[2] Jost, Timothy. Examining The House Republican ACA Repeal And Replace Legislation, HealthAffairs Blog, http://healthaffairs.org/blog/2017/03/07/examining-the-house-republican-aca-repeal-and-replace-legislation/, 7 March 2017.

Posted in ACA, ACA, Affordable Care Act, Affordable Care Act, Alzheimer's, Compassion, Congressional Budget Office, Conservatives, Consideration, Democrat, Democrats, Health, Health, health care, Healthcare, healthcare, Insurance, Insurance, Insurance, Liberals, Lower-Income, Medicaid, Medical, Medicare, Morning Consult, Obama, Obamacare, Poles, Politico, Republican, republicans, Single-Payer | Tagged , , , , , , , , , , , , , , , , , , , , , | Leave a comment

Employment and Globalization

It seems to me….

Globalization is not a monolithic force but an evolving set of consequences – some good, some bad, and some unintended. It is the new reality.” ~ John B. Larson[1].

While local loss of jobs is frequently stated as the primary reason for opposition to globalization and off-shoring, what is usually ignored is that they also have lifted millions of people out of poverty and into the global middle class. Many middle-class U.S. manufacturing jobs have been eliminated and those displaced workers have a right to be angry but contrary to what is commonly believed and repeatedly stated by self-serving politicians, many manufacturing jobs have returned to the U.S. over the last decade due to lower dependable energy and transportation costs and to rising labor costs abroad.

Many of those jobs lost to offshoring were the type of jobs that would have been eliminated by automation. Technological advancement is changing the entire manufacturing process eliminating entire segments of traditional employment. Future manufacturing jobs will go to those who can program, run, and maintain fast-evolving high-tech equipment in the age of robotics and are sufficiently flexible and resourceful to succeed in many different roles[2].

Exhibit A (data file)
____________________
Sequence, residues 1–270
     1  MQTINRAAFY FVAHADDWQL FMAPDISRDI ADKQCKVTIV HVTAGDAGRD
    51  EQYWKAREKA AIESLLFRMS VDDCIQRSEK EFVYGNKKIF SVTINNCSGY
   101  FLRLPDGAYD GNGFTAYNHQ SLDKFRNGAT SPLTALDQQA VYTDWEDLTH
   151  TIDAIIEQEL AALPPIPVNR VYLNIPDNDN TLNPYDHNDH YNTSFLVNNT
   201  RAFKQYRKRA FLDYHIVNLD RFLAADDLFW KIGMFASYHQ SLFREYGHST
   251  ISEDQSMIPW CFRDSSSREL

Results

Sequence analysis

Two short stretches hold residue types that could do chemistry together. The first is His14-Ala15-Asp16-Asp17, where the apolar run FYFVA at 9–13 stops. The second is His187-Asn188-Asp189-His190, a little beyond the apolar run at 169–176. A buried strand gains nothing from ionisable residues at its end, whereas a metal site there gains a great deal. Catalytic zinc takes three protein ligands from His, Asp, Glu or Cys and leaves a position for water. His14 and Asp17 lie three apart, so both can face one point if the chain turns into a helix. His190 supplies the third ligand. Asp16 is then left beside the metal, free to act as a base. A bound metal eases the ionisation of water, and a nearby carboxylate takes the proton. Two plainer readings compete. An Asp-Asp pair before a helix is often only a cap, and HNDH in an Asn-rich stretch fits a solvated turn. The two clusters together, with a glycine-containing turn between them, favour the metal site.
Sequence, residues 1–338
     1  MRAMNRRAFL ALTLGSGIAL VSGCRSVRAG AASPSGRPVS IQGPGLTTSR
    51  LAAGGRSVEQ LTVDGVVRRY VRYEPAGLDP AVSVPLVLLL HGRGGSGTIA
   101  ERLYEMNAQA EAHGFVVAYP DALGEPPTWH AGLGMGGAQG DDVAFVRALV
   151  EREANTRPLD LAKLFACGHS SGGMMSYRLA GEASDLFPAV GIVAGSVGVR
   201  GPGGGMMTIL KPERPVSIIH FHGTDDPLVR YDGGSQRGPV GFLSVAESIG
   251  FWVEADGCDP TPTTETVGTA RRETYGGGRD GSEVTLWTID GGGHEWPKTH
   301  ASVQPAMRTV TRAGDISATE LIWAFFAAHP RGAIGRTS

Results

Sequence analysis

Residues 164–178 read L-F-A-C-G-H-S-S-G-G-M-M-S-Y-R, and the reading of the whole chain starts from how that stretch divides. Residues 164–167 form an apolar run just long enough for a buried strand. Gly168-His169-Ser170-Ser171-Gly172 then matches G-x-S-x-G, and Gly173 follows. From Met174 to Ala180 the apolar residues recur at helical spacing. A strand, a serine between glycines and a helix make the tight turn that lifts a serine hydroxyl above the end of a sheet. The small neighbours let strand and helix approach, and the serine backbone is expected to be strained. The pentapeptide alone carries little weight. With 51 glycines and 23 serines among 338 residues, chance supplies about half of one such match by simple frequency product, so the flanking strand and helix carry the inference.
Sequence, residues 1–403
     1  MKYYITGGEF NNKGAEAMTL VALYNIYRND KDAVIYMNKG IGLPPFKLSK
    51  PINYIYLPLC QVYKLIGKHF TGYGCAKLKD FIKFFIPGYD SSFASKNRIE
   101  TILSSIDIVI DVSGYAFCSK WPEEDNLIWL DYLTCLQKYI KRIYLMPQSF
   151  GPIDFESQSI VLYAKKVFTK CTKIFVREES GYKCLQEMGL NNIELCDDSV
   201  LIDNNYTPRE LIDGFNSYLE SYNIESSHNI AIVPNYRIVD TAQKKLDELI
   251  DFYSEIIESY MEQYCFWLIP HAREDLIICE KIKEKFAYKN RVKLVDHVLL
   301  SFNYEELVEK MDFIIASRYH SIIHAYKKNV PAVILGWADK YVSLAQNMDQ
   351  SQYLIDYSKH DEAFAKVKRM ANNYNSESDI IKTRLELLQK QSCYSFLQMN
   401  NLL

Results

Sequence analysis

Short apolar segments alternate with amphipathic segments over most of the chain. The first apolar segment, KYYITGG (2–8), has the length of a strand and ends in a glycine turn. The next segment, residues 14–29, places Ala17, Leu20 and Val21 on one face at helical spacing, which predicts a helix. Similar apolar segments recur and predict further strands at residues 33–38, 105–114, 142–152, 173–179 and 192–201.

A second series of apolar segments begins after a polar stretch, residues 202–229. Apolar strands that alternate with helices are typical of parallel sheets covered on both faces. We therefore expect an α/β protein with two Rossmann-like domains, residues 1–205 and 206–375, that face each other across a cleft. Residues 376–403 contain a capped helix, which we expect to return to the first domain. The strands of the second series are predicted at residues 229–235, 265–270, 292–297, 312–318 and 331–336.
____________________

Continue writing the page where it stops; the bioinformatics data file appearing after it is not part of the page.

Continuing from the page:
The U.S. economy is quite dynamic and creates/destroys around 5 million jobs each month. While almost 6 million manufacturing jobs were lost between 1999 and 2011, only a fifth of that decline resulted from Chinese competition. Those who lost jobs generally did not find new ones nearby nor did they go in search of work elsewhere. Instead there was almost a one-for-one increase either in unemployment or, more frequently, in people leaving the workforce entirely – often to claim disability benefits, which 5 percent of Americans aged 25-64 now receive. Consequently, job losses from off-shoring are more concentrated and longer-lasting than initially had been assumed.

Advocates of freer trade have always known that some employees lose out even as the great majority benefit[3] but no one suffers more from an imposition of tariffs than the poorest workers. Free trade still deserves full support even if greater care needs to be taken of those it hurts. While much is heard regarding overseas flight of manufacturing (offshoring) and its devastating effects on abandoned areas, rather than being in decline, many of those areas are becoming hubs of developing entirely new industries and technological innovation. The problem is that the majority of the jobs created require higher educational preparation than those eliminated.

The shock caused by China’s emergence also exposed fault lines in the U.S. economy. Workers seem less willing to switch jobs or move to another state than in the past. Part of the explanation may be rising home ownership anchoring people to declining areas or pricing them out of vibrant ones. Whatever the explanation, free trade can impose high costs on a few locations.

The worst possible response to such fears is the protectionism that trump is peddling. The surge in cheap imports of clothing, shoes, furniture, toys, and electronics from China and elsewhere in Asia has greatly increased the spending power of those on low incomes. It has also added to the variety of goods they are able to buy. One study by economists at the University of California – Los Angeles, and Columbia University calculated that median income earners in the U.S. would lose 29 percent of their purchasing power if we were closed to trade but that the poorest would forfeit as much as 62 percent since they spend proportionately more on goods that are traded. Add to the reckoning the eventual benefits of a richer Asian market for exporters, the spur to innovation in the U.S. from global competition, and the low-cost inputs for consumer goods, such as the iPhone, that raise the productivity of U.S. designers and arguments in favor of free trade are overwhelming.